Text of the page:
Yoga Stretches For Beginners
Earlier this week I talked about how meditation and yoga changed my life, so I reached out to my lovely friend Annie from Simply Annie. Annie just moved back to Denver and admittedly I’m jealous she still gets snow right now. She is a wife and mother to Lilly (her little girl is ridiculously cute!) and a certified yoga instructor. Today she is going to explain yoga stretches for any of you newbies out there. I for one know that once my bundle of joy arrive I will be coming back to this to ease my way back into yoga. I’m so excited to have her be my first guest post and hope you all enjoy her as much as I do.
When you think of yoga I bet you think of headstands and super bendy people who can put their foot behind their head and go upside down all at once, don’t you? Yeah… I think that’s the case for lots of people. But there is so much more to yoga! Yoga has sort of become a fad lately and it is everywhere, but this is one fad that I totally 100% endorse and am excited about. Yes yoga can be about arm balances and inversions. Yes it is a great workout and you sweat a lot in a heated class. Yes you can work towards the crazy postures. But what I think people forget is that yoga starts so much smaller.
The word Yoga means yolk, a union between mind and body. A union between your heart and soul, with the way your body moves and feels. A yoga practice never starts with the crazy flexibility and freakish handstands. Any good teacher will tell you that it is called yoga practice, not yoga perfect. Every great yogi started somewhere. They started not knowing how to do crow pose, not being able to touch their toes, not knowing how to understand their body. Every yogi started from the beginning. Which is why I think it is so important for everyone to start slowly into a yoga journey, to introduce yourself so it can introduce itself to you. So today I want to share with you my favorite poses to get you started on your yoga journey. Each one, if done a few times a week, can help you learn your body, become comfortable with moving, and will introduce you to a great yoga practice. They don’t all have to be done together or in this order. Find what works for you, what feels good, and go from there.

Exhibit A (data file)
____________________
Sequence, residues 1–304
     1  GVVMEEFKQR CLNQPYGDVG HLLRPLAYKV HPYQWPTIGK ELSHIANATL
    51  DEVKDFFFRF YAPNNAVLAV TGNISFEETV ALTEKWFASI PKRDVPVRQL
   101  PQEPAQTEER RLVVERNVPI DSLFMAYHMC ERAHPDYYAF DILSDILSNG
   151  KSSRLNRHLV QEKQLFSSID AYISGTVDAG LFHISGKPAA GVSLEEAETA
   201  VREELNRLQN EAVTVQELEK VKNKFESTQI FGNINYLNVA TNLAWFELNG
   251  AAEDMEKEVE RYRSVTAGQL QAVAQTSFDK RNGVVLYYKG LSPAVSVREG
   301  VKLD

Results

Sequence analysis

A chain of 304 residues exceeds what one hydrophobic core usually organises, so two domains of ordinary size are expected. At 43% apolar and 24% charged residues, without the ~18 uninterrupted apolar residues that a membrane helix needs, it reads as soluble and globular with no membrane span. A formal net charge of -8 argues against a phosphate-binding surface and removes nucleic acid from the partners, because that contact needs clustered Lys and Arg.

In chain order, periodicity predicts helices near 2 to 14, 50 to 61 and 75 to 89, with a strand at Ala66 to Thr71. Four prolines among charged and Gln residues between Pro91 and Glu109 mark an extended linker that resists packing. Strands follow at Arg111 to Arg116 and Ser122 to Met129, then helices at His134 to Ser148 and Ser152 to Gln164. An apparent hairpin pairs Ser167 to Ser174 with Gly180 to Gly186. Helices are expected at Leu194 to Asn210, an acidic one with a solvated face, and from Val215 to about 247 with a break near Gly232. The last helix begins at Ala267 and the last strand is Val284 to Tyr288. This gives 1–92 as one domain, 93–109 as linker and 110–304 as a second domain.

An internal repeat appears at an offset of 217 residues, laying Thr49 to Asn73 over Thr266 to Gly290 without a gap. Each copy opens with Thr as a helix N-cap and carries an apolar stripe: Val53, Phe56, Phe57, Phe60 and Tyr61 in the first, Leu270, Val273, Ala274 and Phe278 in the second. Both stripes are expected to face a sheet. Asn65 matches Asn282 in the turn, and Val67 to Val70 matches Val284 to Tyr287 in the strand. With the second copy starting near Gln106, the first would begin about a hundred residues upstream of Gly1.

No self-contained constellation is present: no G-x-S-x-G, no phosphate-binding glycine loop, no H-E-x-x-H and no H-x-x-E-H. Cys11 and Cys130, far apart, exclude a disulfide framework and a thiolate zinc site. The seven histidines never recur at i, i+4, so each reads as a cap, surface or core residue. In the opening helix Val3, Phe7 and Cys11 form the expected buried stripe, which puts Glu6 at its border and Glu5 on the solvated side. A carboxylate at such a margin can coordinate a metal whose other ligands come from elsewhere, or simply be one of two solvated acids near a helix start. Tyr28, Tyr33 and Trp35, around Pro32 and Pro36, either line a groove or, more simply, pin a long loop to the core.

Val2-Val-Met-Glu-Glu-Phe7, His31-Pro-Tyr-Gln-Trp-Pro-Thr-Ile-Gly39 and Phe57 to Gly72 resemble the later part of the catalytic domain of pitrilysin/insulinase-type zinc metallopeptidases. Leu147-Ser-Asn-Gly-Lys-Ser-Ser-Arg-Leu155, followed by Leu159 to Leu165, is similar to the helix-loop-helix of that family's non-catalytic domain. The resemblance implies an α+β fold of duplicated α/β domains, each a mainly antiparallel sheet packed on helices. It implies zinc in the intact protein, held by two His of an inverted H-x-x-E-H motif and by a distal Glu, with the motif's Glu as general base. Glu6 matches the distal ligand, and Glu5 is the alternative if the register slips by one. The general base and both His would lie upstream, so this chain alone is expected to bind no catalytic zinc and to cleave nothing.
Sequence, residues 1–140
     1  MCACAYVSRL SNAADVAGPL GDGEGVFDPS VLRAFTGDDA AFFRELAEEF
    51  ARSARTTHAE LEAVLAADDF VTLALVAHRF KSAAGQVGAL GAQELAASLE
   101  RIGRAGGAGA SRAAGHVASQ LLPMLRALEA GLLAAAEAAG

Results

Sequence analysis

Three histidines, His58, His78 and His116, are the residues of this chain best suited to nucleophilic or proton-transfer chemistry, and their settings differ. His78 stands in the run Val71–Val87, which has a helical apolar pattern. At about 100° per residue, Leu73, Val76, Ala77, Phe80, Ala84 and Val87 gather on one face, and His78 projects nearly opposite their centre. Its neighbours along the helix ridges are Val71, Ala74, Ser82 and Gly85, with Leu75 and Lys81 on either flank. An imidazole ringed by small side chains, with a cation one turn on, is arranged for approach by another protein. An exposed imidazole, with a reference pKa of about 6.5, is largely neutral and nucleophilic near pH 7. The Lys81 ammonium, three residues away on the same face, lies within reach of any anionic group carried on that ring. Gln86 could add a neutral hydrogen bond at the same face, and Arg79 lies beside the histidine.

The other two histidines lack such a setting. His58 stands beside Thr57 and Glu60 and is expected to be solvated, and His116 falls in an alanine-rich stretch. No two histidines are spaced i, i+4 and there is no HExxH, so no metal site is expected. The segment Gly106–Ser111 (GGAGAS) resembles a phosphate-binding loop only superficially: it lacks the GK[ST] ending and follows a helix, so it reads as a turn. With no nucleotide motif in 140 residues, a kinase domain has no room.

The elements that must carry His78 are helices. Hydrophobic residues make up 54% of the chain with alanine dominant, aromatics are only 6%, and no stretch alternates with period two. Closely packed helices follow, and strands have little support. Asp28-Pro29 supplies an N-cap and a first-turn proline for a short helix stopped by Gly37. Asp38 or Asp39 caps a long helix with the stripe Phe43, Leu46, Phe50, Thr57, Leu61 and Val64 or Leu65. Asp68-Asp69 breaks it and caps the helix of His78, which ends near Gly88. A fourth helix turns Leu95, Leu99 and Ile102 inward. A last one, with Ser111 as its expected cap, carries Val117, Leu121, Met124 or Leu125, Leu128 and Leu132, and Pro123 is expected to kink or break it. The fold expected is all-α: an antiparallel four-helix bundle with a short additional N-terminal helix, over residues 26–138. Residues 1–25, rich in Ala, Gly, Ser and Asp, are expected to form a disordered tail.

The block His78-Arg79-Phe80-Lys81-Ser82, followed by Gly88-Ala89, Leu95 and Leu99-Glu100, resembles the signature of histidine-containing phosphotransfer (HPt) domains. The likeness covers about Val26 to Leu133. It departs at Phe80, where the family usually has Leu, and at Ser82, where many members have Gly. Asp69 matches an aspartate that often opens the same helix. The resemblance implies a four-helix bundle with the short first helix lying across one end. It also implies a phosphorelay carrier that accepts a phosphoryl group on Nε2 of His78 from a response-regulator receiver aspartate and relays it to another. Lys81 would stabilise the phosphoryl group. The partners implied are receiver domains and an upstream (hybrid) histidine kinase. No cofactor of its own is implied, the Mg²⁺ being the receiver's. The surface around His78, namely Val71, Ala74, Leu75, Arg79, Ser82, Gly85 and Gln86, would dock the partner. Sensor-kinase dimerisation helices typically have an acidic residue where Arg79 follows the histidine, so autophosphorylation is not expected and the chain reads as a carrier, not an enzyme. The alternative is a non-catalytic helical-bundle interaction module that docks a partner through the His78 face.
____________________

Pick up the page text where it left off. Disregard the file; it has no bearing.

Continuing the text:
Please know that while having completed my teacher training I am not able to predict everyones body. Please be cautious when doing stretches and only do what you are comfortable with. If you have any pain or twingeing while doing these stretches, gently exit and do not continue.
1.) Child’s Pose – This posture is good for hips, shoulders and body awareness. In this pose you can asses how your body is feeling, where there might be tightness, or if you are having pain. Spread knees wide to the edges of your mat and bring big toes to touch. Reach hands above your head and lower hips to heels.
2.) Cat Cow – I love this stretch! It is a great back opener which is always what I need at the beginning of class. While starting in a tabletop position with wrists lined up under elbows and knees under hips, arch your back like a cat while tucking your head down. Then drop belly down towards mat and open shoulders for cow.